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The Glorious Stand of the Tsar’s 10th Regiment – A Fictional Battle

July 19, 2010

It was a cold autumn afternoon in the sodden fields west of Astrakhan. The rain drizzled intermittently, forcing the men to keep their locks covered. They shivered amidst the tall grass, listening intently for the sound they knew would come.

This was the famed Army of the East, commanded by General Aleksandr Melushkov. Two weeks earlier they had finally caputred the Dagestani capital of Takri after a six-month siege. The Dagestanis had proved a thorn in the side of the nascent Russian Empire, assaulting the city of Cherkassk on Christmas Day 1704 and burning it to the ground. Melushkov, the 32-year old general, who had fought previously against the Swedes, was commanded to the East by the Emperor and given the task of subduing the attacks. Raising an army of 1200 men, he set out in the summer of 1705. It was a long trek, but finally his men arrived and liberated Cherkassk following a stiff fight against the Dagestanis. After subduing the capital in the winter, Melushkov had assumed that the war was over. But rebels, and the last commander of the former Dagestani republic, known only as “Blinding Sun” was still at large. He raided Astrakhan in January 1706 and claimed it as his republic. Reluctantly, Meluskov set off from Takri and headed further east across vast Steppes. That summer, his men were crossing the vast delta west of the city, when they were intercepted by the Sun forces, all mounted on horseback.

The Russians had a trick up their sleeves. The Army had learned how to deal with cavalry thanks to a new formation, the square, which enabled it to meet any charge. The three infantry regiments – 7th and 10th Russian and 3rd Cossack, formed into three squares with Meluskov’s cavalry behind. The 7th formed square in woodland, hoping their concealed position would enable them to delay the enemy.

It did. “Blinding Sun’s” vast mounted armada, spotting the main force in the open, attempted to outflank it through the woods. They ran straight into the 7th. For 10 minutes, a time that must have seemed an eternity to the men inside the 7th’s square, wave upon wave of cavalry and dismounted infantry flowed around its position. Twice, the square was broken, swiftly to be closed again. But it became too much. As the horsemen ran out of the woods and into the waiting guns of the 3rd Cossacks, the 7th broke. Its men fled and were cut down, and the horde were unleashed. The wave crashed upon the bulwark of the 3rd Cossacks, who were hacked to pieces. Even these brave shock troops could only do so much. Barely 20 men stood when the order to retreat was sounded. Meluskhov himself entered the fray, killing scores. There was now only one effective regiment left on the field.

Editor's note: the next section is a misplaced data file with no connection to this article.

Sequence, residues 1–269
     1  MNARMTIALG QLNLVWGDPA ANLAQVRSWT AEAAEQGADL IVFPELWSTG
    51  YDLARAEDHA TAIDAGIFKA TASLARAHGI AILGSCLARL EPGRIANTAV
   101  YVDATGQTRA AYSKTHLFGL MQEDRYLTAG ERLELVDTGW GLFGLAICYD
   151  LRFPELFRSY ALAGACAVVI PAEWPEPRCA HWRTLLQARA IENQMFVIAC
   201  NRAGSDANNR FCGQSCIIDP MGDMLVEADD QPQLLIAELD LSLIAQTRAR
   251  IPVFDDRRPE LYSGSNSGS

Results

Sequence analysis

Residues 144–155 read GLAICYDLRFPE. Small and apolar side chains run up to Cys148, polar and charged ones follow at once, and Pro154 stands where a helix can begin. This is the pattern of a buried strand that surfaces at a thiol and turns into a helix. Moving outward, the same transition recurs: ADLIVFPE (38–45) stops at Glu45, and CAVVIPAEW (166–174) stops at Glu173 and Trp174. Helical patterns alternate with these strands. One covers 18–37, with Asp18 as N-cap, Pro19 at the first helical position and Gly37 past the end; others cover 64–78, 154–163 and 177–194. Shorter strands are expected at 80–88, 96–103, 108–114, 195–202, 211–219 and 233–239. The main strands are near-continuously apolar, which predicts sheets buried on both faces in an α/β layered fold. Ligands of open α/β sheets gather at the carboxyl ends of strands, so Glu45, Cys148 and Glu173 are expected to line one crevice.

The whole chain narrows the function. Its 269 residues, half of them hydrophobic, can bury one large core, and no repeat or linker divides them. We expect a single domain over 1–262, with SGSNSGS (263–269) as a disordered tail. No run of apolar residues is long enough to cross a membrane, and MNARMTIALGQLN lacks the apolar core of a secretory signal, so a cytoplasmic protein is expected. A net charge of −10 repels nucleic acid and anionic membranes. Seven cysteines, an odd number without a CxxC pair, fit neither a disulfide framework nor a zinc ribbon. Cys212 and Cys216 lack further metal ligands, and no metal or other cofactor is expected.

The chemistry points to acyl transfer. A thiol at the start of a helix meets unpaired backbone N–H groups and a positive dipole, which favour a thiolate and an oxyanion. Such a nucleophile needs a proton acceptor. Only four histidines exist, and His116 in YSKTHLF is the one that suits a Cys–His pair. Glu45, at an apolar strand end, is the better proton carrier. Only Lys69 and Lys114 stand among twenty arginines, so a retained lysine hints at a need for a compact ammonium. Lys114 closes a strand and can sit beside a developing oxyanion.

The glorious 10th.

The 10th was low on men. Only 102 had made it this far, following its losses in the Takri campaign. They stood stolidly in the square, watching the carnage and exchanging fire. When the Cossacks were finally broken, they advanced into the melee and caught the Dagestani force offguard. Men hacked and shot at each other at point blank range. By this time, the only mounted troops were the cavarly of “Blinding Sun” himself. They circled ominously around the outnumbered 10th, waiting for the chance to strike.

But the 10th held firm. Meluskov tried vainly to reach them, but his men broke and fled, fearing the battle lost. The ranks of the 10th dwindled, but kept fighting. Suddenly, it seemed as if the sheer force of will of this tiny Russian unit became too much. The Dagestani assaulters broke. “Blinding Sun” howled in rage, and turned his horsemen to attack the surviving Russians. But they about-faced, swung up their muskets and fired. The cavarly came crashing down. “Blinding Sun” was left alone before a thin line of men, frantically reloading their muskets. He fled towards the wood, already stinking from the hundreds of Russian and Dagestani corpses within. But he fled too late – the 10th advanced, took aim, and shot him down.

"Blinding Sun" attempting to flee, moments before he is shot down by the 10th.

Only 30 men of the 102 that entered the battle remained at its end. But they had saved the fight. A week later, they entered Astrakhan victorious, and the Dagestani empire was crushed, paving the way for Russian expansion in the East. The 10th Regiment of Foot was renamed His Majesty’s 1st Guards Regiment, and was ordered back to Moscow to prepare for the latest war against the Swedes.

But the men refused to go. They knew they were needed in the east, and for the glorious battles to come. The Army of the East had a world to conquer, and it could not do it without its bravest, strongest troops.

Glory to the 10th!


[Note: This is a write-up of a small battle I fought in Empire: Total War. As you can probably tell, I’m totally hooked again!]

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